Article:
Record would relieve Sasner and induce a double play to get out of the jam with no further damage. And in the top of the sixth, the Orioles would finally strike. Sasner walked, Preston Kirby singled and Ryan Smith walked to load the bases for Gavin Motuzas, who drove in Conant’s first run. Belmont coach Matt LeBlanc came out to the mound to soothe his weary starter.

Contigiani struck out Aidan Kirby, bringing Record to the plate with two outs and the bases loaded. With Contigiani at nearly 120 pitches — the limit — Record would be the last batter he faced, no matter what.

“Just trying to come up big for the team, hopefully I can deliver,” Record said, “but you know, just didn’t happen. Confidence level was up, everything was feeling good, just didn’t get the right pitch and popped out.”

Record’s popup to the right side was caught with ease to end the Oriole threat. He’d retire the Belmont side to bring Conant up with one more shot and lefty reliever Griffin Embree on the mound, but despite the change in velocity, the Orioles went down in order on three pitches to end the game and give Belmont its 17th straight win and a shot at the title.

“We saw a new pitcher, he wasn’t throwing as hard, so they were jumping on the first pitch,” Heaphy said. “That one’s probably on me, I should probably have settled them down, made sure they see a couple...I think that was just nerves, they wanted to all be the hero, get us in position to score. That’s baseball.”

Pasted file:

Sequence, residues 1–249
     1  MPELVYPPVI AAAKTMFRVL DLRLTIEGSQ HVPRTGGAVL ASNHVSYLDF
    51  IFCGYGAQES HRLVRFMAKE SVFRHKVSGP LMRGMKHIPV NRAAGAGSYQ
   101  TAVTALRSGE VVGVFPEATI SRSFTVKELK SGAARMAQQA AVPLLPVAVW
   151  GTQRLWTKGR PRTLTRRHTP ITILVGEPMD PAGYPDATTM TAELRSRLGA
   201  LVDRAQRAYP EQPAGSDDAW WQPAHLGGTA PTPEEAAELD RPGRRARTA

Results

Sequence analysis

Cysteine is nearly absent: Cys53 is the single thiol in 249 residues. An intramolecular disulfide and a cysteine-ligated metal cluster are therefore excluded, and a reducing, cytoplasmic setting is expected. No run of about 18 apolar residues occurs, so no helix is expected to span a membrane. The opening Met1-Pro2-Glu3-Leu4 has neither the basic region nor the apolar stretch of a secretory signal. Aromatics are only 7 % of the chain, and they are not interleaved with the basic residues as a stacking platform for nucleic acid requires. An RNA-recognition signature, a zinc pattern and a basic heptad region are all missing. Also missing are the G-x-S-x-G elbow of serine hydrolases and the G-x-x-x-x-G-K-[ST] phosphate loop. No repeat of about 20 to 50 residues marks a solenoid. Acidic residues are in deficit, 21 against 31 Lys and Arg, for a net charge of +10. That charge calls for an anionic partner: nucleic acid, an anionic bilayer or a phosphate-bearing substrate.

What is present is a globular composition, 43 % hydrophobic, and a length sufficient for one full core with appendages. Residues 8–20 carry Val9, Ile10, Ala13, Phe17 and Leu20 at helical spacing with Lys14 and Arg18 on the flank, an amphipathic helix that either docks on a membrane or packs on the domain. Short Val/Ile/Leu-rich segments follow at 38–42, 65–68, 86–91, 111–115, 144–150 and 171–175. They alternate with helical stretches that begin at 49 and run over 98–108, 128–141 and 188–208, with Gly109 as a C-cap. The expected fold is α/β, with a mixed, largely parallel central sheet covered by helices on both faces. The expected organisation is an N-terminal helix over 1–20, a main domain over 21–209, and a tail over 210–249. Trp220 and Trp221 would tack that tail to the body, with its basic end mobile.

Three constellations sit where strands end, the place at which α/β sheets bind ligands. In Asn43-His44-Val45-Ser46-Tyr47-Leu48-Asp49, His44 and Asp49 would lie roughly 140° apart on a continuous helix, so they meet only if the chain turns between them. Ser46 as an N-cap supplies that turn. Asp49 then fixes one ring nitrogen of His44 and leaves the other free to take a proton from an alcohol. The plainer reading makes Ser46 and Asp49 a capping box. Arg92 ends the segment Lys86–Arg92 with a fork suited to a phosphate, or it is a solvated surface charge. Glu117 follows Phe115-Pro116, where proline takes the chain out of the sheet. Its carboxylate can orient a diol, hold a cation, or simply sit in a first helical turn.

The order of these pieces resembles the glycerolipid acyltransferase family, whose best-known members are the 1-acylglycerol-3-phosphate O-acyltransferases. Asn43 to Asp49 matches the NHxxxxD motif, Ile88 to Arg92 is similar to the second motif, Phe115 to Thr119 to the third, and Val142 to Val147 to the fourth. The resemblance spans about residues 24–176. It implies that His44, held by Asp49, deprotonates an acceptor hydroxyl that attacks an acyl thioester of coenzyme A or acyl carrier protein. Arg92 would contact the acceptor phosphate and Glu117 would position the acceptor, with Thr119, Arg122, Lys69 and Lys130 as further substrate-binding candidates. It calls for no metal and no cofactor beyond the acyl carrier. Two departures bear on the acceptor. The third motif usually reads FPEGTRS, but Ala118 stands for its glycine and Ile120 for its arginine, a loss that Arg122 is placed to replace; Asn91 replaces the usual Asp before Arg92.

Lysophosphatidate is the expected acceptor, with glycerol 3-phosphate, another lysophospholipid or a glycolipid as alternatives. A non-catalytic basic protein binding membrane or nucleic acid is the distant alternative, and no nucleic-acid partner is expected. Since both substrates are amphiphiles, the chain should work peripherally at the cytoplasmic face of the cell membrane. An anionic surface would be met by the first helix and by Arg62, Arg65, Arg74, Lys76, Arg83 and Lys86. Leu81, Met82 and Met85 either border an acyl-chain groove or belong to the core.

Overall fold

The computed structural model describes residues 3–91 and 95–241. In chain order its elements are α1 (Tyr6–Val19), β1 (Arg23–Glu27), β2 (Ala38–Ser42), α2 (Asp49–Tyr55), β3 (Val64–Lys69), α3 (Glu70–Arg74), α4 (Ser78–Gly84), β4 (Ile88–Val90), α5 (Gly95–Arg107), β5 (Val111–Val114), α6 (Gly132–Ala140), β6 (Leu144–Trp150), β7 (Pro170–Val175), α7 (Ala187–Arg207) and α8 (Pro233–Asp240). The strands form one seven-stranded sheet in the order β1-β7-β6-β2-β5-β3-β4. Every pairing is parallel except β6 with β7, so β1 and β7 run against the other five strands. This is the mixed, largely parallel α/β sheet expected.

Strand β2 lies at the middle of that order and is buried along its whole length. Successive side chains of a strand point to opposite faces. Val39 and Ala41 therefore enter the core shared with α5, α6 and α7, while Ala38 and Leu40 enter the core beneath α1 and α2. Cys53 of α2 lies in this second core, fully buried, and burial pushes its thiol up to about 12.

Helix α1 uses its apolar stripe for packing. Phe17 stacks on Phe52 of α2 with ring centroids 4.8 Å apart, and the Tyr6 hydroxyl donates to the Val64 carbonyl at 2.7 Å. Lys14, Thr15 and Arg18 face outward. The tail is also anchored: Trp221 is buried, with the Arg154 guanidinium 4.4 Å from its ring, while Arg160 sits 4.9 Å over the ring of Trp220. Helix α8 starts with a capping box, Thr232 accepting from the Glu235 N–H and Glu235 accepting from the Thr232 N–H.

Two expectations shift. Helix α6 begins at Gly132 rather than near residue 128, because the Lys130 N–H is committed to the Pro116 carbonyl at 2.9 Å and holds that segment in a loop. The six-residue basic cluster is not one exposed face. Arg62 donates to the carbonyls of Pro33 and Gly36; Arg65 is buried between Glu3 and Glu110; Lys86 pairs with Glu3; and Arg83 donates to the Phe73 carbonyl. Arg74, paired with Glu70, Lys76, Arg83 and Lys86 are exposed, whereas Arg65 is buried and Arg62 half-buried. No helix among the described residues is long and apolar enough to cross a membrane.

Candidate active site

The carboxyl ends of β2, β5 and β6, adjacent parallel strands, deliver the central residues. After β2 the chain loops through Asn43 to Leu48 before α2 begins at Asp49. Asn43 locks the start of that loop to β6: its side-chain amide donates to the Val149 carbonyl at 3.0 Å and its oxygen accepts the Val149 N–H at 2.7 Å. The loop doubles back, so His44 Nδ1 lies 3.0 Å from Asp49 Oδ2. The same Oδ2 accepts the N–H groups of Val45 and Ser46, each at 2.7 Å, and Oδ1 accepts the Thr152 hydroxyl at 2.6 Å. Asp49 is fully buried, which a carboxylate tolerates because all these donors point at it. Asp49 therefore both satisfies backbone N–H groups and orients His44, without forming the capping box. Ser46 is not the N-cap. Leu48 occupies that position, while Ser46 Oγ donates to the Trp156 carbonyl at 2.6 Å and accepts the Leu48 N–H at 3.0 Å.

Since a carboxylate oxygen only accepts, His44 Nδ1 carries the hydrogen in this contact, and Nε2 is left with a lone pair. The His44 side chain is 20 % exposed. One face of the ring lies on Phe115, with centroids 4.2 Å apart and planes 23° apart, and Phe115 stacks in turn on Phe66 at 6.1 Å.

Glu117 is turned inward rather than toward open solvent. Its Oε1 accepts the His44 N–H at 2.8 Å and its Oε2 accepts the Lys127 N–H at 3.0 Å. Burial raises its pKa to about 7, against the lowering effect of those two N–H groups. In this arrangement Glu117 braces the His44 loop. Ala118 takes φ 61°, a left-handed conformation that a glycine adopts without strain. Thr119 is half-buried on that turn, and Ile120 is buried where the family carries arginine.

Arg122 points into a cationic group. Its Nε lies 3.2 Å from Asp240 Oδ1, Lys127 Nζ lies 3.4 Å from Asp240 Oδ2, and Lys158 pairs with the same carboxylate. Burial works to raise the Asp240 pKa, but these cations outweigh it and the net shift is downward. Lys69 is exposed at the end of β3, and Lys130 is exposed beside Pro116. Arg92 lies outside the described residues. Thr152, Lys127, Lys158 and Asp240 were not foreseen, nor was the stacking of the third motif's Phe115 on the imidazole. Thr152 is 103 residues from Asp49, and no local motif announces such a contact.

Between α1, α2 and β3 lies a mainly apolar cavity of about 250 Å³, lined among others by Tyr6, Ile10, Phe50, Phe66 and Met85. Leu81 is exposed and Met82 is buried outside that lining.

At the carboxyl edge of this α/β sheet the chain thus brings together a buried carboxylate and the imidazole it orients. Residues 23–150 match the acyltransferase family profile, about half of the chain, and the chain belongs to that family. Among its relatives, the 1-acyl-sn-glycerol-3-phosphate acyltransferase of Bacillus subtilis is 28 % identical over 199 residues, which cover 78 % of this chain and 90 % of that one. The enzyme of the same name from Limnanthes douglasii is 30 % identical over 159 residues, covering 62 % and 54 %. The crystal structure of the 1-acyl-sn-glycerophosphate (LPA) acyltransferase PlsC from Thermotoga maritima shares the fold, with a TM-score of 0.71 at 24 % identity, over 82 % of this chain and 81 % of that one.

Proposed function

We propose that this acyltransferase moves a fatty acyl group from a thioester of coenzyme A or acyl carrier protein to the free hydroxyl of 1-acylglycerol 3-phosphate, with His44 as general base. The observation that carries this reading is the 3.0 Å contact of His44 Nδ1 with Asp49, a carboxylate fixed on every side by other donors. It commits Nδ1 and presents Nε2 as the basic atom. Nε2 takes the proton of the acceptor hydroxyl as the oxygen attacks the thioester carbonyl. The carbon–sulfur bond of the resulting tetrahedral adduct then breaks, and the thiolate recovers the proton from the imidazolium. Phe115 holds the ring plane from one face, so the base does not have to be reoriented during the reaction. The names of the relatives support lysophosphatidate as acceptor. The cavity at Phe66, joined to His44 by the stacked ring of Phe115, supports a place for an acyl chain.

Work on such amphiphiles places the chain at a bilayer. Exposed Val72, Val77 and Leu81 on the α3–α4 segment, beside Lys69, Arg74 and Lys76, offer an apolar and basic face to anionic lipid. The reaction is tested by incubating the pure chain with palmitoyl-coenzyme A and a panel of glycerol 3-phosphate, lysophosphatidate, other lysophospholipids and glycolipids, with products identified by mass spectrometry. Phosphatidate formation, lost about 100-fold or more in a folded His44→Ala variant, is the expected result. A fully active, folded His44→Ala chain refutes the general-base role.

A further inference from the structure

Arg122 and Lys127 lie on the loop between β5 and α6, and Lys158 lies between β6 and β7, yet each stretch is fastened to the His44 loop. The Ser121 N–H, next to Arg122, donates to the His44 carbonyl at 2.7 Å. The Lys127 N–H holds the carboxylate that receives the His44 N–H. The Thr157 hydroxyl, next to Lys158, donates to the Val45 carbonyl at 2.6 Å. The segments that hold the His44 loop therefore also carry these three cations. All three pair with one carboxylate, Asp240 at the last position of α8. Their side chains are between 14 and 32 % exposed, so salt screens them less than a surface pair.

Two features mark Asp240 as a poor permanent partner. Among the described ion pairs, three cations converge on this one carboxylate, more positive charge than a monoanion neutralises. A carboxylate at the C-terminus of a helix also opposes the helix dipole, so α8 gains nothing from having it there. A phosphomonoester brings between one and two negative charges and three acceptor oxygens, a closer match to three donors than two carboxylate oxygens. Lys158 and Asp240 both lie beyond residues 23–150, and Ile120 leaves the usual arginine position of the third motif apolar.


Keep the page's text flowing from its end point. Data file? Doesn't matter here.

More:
It was a bitter end for the seniors, who’d come in a year after Conant’s 2012 championship and seen a disappointing finish to each season since.

“Words can’t describe the bond that we had end of the year, when we came together,” Record said. “The amount of heart this team had at the end of the year, incredible. Words can’t describe it … It just shows me how this program is not dying, it’s still a success no matter what. I’m sure it’s still going to be around when I’m coming here and watching the games. Doesn’t leave me with a bad taste — yeah, it sucks to lose, but a Final Four run is no joke, we’ve just got to take that and roll with it.”

Belmont go on to lose to Campbell in the Division III championship game on Saturday, after the Cougars lit up Embree for three runs in the bottom of the 10th. Jake Donovan got a pinch-hit, walkoff single to complete Campbell’s undefeated championship season.

“It sucks, because you want [Conant’s seniors] to win it,” Heaphy said. “That was the goal all along ... I’m very disappointed to not have them any more. What they gave to this program, you can’t ask for more. (Record) didn’t pitch ’til last year, and he’s been dominant for two years. Chance [Kirby] has been a starting infielder four year. Caleb [Donahue] started to hit later, but he was a first baseman for three years. I’m going to miss them all. They’ve been great for me, great for this program, great for the underclassmen who’ve kind of watched and seen how we’ve done it in the past. It’s going to be hard to replace [them].”